I am sad; or, how my language sometimes says more or less than I feel.

Today, I am sad.

When I say I am sad, I mean that my depression has increased noticeably and maybe even a little bit alarmingly.

I have read people saying how they hate when depression is described as sadness, because it’s so much more than that, and sometimes sadness isn’t even really a part of it. And I suppose that’s true. I don’t begrudge them that frustration with language.

When I say I am sad, it’s because I don’t really have words to explain what’s happening. It’s because it’s easier for me to say, “I am sad” than it is to explain what I actually mean.

And, if I’m honest, it’s because saying “I am sad” is easier than owning to myself how bad things can get. Have gotten. Will get again. It’s my way of downplaying something that is all-encompassing and overwhelming and frightening and stifling and maddening and exhausting and devastating.

An acquaintance once described me as someone who always uses superlatives. I don’t like you, I adore you. I don’t dislike math, I abhor it with every fiber of my being. I am not happy, I am jubilant. I am not annoyed, I am frustrated beyond belief.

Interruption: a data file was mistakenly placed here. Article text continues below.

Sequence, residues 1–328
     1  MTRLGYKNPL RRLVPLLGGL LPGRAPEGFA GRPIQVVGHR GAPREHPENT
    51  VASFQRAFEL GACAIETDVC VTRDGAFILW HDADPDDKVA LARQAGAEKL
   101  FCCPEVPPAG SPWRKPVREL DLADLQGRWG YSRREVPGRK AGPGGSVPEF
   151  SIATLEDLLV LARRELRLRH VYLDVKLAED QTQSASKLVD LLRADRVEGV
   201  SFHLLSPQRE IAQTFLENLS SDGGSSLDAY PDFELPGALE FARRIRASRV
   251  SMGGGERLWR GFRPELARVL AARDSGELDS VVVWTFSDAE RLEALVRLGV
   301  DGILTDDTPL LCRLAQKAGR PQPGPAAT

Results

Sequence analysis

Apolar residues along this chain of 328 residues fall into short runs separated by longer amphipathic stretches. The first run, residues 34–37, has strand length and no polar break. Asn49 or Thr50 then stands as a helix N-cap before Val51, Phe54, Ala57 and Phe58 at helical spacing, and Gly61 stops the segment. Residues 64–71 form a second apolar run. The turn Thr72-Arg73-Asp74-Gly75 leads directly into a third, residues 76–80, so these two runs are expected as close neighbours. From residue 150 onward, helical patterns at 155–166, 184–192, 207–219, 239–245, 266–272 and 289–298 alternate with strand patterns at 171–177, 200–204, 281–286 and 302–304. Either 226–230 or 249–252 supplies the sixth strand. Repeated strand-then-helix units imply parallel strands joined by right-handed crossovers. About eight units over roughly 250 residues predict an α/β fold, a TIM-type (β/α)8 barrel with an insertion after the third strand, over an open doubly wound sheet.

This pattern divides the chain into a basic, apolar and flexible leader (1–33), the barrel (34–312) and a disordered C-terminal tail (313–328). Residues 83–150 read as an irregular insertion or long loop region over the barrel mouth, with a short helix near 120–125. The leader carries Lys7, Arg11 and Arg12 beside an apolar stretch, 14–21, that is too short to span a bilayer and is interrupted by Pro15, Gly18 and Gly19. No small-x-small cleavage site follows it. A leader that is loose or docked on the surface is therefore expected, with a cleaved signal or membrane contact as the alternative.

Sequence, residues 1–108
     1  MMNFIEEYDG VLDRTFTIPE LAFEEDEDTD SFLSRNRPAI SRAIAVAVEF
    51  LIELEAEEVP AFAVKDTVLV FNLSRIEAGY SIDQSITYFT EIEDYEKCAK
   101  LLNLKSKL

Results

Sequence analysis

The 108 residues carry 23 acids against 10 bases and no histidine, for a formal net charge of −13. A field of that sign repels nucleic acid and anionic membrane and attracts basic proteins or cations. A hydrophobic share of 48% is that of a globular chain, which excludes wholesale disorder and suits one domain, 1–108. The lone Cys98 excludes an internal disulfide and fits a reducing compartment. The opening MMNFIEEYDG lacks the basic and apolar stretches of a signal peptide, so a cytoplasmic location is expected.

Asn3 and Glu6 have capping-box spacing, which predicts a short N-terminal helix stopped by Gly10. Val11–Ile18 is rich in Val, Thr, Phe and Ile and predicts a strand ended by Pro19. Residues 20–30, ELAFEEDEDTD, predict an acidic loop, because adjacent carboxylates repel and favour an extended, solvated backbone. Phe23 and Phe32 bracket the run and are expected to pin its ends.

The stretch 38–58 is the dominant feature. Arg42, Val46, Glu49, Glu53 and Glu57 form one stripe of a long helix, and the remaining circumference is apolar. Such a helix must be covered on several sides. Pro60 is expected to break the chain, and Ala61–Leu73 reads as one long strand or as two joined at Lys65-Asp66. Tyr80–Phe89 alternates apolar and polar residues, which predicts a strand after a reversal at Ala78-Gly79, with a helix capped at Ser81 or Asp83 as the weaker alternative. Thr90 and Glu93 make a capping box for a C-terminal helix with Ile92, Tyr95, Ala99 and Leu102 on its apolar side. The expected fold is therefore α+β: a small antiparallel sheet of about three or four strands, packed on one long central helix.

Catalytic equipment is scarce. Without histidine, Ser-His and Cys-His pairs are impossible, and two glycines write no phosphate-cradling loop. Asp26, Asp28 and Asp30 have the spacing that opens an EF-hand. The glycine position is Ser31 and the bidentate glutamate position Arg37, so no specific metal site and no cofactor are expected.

I am that person who has distorted language in the extreme, so that truly extreme things have no words left to define them. They’ve been all used up in my trivialities.

So when something extreme happens, even something that others cannot see because it is an indefinable but powerful and frightening shift within myself…I have no words. Only small words that someone who is not me might use to describe a non-happening in their life.

And so today, I am sad.

I don’t have any other way left to me to describe it.

Just a note: there is no need to be worried about me. Today is just another part of the cycle of depression for me. I am okay. Or rather, I’m not okay — but that’s okay.


5 thoughts on “I am sad; or, how my language sometimes says more or less than I feel.

  1. I understand you mean well here, but this is pretty inappropriate for the level of relationship we have (that is to say, none at all outside of one interaction on Twitter).

  2. I have said before that at times it doesn’t feel like I have depression, but that depression has ME. It stinks, I know. Hoping for better days for you soon!! (hugs) if wanted

  3. I’m sorry, Dani. My husband and I both struggle with depression (I have PTSD, and he has a severe vitamin deficiency), and I know exactly what you mean when you say that you simply don’t have the words, so “sad” has to do. I pray that your days brighten and your burden lessens soon.

  4. Pingback: Because I can’t not: writing in community. | crooked neighbor, crooked heart.

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